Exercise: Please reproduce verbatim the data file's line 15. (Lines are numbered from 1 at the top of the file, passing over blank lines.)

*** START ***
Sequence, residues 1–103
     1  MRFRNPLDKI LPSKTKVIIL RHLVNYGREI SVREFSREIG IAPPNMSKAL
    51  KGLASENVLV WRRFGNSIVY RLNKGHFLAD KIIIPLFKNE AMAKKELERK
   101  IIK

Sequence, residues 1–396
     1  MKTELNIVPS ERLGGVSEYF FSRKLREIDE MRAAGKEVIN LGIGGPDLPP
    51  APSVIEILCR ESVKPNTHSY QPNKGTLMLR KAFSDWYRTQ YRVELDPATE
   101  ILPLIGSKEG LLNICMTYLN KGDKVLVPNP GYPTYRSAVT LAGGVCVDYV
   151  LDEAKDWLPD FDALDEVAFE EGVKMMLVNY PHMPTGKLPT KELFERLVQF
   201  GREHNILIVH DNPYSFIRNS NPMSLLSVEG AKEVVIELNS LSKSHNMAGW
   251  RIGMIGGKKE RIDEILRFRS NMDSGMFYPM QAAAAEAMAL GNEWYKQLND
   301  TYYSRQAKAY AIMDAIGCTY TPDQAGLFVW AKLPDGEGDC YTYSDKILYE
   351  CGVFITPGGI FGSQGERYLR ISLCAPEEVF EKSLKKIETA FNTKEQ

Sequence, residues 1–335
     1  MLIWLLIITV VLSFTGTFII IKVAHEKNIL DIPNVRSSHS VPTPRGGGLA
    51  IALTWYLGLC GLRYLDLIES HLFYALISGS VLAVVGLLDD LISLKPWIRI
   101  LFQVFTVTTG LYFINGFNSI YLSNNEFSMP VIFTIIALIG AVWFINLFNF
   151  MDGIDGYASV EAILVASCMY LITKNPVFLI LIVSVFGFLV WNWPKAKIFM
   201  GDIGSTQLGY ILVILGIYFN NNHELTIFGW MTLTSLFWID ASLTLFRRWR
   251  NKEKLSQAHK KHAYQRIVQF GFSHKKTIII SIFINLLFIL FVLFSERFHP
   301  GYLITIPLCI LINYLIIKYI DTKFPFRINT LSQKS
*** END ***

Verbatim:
     1  MLIWLLIITV VLSFTGTFII IKVAHEKNIL DIPNVRSSHS VPTPRGGGLA